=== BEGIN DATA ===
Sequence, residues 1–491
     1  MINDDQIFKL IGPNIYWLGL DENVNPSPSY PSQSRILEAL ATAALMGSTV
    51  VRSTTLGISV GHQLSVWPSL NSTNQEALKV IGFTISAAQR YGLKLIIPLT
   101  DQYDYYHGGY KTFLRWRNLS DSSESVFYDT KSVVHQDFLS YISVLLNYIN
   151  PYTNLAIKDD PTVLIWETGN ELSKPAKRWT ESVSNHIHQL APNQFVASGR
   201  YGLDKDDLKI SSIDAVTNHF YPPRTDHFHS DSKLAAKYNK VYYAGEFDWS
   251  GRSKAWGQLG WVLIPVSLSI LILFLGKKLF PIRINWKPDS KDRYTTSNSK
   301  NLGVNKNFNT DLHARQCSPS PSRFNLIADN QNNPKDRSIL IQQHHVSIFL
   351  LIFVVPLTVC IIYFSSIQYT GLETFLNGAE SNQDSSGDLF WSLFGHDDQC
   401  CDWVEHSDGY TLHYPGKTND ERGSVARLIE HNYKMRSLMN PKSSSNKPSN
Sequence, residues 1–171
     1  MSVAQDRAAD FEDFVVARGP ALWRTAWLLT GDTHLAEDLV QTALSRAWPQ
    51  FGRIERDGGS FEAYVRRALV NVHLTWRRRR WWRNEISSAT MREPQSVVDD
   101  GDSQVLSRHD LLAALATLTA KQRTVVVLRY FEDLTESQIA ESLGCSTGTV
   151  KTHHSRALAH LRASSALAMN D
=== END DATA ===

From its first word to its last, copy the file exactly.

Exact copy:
Sequence, residues 1–491
     1  MINDDQIFKL IGPNIYWLGL DENVNPSPSY PSQSRILEAL ATAALMGSTV
    51  VRSTTLGISV GHQLSVWPSL NSTNQEALKV IGFTISAAQR YGLKLIIPLT
   101  DQYDYYHGGY KTFLRWRNLS DSSESVFYDT KSVVHQDFLS YISVLLNYIN
   151  PYTNLAIKDD PTVLIWETGN ELSKPAKRWT ESVSNHIHQL APNQFVASGR
   201  YGLDKDDLKI SSIDAVTNHF YPPRTDHFHS DSKLAAKYNK VYYAGEFDWS
   251  GRSKAWGQLG WVLIPVSLSI LILFLGKKLF PIRINWKPDS KDRYTTSNSK
   301  NLGVNKNFNT DLHARQCSPS PSRFNLIADN QNNPKDRSIL IQQHHVSIFL
   351  LIFVVPLTVC IIYFSSIQYT GLETFLNGAE SNQDSSGDLF WSLFGHDDQC
   401  CDWVEHSDGY TLHYPGKTND ERGSVARLIE HNYKMRSLMN PKSSSNKPSN
Sequence, residues 1–171
     1  MSVAQDRAAD FEDFVVARGP ALWRTAWLLT GDTHLAEDLV QTALSRAWPQ
    51  FGRIERDGGS FEAYVRRALV NVHLTWRRRR WWRNEISSAT MREPQSVVDD
   101  GDSQVLSRHD LLAALATLTA KQRTVVVLRY FEDLTESQIA ESLGCSTGTV
   151  KTHHSRALAH LRASSALAMN D